Mental Health is a priority area for the NSW Government, with over two in five (43.7%) Australians aged 16-85 experiencing a mental illness at some time in their life*.
This award recognises and showcases work in improving the quality and safety of mental health patient care within programs and services which display:
*Australian Bureau of Statistics. (2022).
National Study of Mental Health and Wellbeing.
Naamuru is a purpose-built mental health unit at Royal Prince Alfred Hospital, Sydney. It is the first public mental health unit in NSW that offers parent-baby admissions for parents experiencing acute mental health illness during the perinatal period (before, during, and after birth). It is also the first in the world to offer non-gender specific care and treatment.
Previously, parents experiencing moderate and severe mental illness were separated from their baby to receive treatment in public acute mental health units. However, at Naamuru, the parent and their baby are admitted together. This provides more opportunity for healthy attachment and minimises the trauma of separation. Partners or other support people are encouraged to stay overnight to support the care-giving and parent-baby relationship.
Naamuru was established in June 2022 after an extensive period of co-design with consumers with lived experience, local Aboriginal community, and the complex network of health professionals delivering perinatal care.
In the first 12 months of operation, parents admitted to the unit have reported:
Teen Got It! is the only adolescent and carer focused group intervention for disruptive behaviour disorders (DBDs) in NSW.
The program targets at-risk young people who present with DBDs. The aim is to intervene early and change their trajectory and reduce the likelihood of entering the criminal justice system.
The Teen Got It! program has created two different therapy programs to tackle the complex changes related to mental health issues, childhood trauma and/or cognitive impairment. These programs aim to improve the ability to handle stress, enhance parenting skills, and improve relationships and behaviours.
Since 2019, 122 participants have completed the program with overwhelmingly positive feedback. Adolescents noted improvements in:
Caregivers said the program helped them personally and they felt better able to cope.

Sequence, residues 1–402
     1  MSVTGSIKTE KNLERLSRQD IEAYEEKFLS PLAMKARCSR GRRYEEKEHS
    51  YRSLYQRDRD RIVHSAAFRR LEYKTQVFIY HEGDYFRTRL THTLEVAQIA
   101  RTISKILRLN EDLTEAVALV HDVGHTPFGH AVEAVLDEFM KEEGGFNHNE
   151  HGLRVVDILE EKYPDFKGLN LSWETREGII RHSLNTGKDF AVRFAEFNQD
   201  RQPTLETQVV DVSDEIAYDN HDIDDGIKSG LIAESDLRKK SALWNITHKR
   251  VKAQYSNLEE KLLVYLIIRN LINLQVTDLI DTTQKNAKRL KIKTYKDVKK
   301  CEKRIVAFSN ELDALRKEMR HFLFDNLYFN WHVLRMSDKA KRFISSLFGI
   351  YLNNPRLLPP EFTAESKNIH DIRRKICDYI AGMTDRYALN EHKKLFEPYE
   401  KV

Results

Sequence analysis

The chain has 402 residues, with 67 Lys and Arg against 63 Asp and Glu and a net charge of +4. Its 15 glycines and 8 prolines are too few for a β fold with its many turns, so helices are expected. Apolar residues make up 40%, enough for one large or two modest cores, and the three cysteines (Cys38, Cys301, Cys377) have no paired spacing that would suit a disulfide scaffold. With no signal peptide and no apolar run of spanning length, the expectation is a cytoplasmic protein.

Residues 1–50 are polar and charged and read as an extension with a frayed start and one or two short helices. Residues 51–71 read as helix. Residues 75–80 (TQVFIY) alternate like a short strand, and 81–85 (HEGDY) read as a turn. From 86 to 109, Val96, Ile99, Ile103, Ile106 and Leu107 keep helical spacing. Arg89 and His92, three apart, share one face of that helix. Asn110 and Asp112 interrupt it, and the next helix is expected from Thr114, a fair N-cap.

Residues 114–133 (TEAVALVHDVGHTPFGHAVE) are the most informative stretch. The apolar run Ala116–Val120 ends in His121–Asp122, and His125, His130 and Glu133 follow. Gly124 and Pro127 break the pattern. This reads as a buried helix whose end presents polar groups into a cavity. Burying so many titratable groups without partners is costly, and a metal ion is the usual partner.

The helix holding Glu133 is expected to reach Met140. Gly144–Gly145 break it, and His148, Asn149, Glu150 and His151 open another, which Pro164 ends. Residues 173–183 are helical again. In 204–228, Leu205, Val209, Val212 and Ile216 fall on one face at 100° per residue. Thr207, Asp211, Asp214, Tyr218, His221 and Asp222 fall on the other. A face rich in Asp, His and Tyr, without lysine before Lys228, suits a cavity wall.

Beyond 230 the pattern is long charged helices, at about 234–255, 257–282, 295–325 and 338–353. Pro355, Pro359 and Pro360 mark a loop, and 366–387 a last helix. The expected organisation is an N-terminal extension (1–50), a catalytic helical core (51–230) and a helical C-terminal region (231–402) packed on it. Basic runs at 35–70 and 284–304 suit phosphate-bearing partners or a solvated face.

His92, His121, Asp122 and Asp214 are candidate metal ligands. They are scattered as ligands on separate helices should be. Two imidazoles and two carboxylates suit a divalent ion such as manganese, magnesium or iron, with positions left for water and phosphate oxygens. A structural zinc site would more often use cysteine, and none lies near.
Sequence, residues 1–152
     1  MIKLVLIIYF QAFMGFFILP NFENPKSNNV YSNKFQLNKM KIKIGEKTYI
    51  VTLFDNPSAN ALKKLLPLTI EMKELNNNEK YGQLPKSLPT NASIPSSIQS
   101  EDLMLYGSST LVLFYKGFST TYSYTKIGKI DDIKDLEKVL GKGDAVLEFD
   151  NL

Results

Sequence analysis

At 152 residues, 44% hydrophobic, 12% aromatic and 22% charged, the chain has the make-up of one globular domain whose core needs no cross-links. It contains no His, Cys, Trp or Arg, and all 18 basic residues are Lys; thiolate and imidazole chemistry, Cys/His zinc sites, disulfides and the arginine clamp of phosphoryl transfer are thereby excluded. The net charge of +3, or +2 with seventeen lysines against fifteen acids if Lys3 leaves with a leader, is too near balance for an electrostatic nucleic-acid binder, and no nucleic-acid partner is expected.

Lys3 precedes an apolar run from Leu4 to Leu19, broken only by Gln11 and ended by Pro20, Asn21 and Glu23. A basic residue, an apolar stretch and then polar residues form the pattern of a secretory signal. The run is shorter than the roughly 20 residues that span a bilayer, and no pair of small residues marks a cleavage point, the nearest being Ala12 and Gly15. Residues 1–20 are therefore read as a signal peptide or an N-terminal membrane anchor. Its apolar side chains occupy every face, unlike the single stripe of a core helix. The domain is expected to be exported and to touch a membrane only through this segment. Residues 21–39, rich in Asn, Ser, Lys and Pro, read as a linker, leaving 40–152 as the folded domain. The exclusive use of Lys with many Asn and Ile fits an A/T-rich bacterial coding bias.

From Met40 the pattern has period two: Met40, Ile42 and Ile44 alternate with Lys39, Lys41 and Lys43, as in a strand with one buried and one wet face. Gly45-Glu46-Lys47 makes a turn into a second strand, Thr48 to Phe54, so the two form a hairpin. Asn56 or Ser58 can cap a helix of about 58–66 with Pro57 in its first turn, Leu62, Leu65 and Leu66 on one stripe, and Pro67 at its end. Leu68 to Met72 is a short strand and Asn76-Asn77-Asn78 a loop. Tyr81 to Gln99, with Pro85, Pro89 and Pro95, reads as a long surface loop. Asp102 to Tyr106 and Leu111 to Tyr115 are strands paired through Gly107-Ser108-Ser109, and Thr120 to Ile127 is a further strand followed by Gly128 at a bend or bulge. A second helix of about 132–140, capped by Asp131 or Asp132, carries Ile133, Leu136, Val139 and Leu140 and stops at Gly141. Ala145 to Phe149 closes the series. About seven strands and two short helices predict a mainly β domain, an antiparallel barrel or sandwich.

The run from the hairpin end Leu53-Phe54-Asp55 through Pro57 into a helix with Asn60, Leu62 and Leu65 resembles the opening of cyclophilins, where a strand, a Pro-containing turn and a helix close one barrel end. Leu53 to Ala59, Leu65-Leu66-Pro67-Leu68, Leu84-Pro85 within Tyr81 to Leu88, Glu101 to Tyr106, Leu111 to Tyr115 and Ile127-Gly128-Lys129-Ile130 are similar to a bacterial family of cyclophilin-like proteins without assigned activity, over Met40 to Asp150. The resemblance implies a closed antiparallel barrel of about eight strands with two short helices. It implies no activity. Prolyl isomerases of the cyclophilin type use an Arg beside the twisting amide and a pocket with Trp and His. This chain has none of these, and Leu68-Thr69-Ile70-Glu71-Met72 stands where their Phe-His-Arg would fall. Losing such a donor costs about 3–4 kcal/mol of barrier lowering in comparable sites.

The Teen Got It! program has shown great success in dealing with families in crisis, leveraging greater family engagement and supporting adolescent mental health to prevent contact with the criminal justice system.
The No Suppression Group brings together people with lived experience of mental health issues to share their creativity and build social connections.
The idea for the peer-run group came from North Shore Ryde Mental Health after hearing from people who use mental health services. Music, poetry, art, and comedy were important to these consumers, but they didn't have a platform to share their creative work.
Research shows that taking part in artistic endeavours can be an important part of recovery and achieving a full life for people with mental health issues.
No Suppression aims to provide a safe, encouraging space for people to share and celebrate creativity. It also enables people to socialise and develop community connections.
The community-focused group is the only service of its kind in NSW. Since its inception in 2011, more than 150 people have attended the monthly sessions. They recently introduced the option to participate online (via Zoom). This has opened the door to participation by people who can't attend face-to-face. Workplace flexibility allows the group to meet monthly on a Saturday. This best suits the clients' needs, and clinicians report fewer weekend calls are made to services by participants.
The Out of Home Care (OOHC) program is a tier 4 specialist mental health services for children in out of home care across NSW. The two main components of this project (OOHC mental health team, Ingleburn and Elver program, Parramatta) were developed through a partnership between SWSLHD and Department of Community and Justice (DCJ). This partnership is the first of its kind in Australia and supports those children with extreme vulnerabilities and historically poor outcomes.
OOHC is a significant risk factor; with children in OOHC over 5 times more likely to develop mental health concerns and historically have had poor and fragmented access to specialist mental health care. The OOHC programs commenced in 2017-2018 and operate as a multidisciplinary team of eighteen staff across SWSLHD and NSW in the two sites. The teams focus on children in OOHC with highest acuity, risk and need for services. The programs have been very successful with proven outcomes, providing outreach across NSW to children located in both rural, suburban and urban regions. Together these programs have provided high quality, coordinated mental health care in partnership with DCJ to over 500 of the extremely vulnerable and disadvantaged children in OOHC across NSW.
Highlights from these program partnerships include: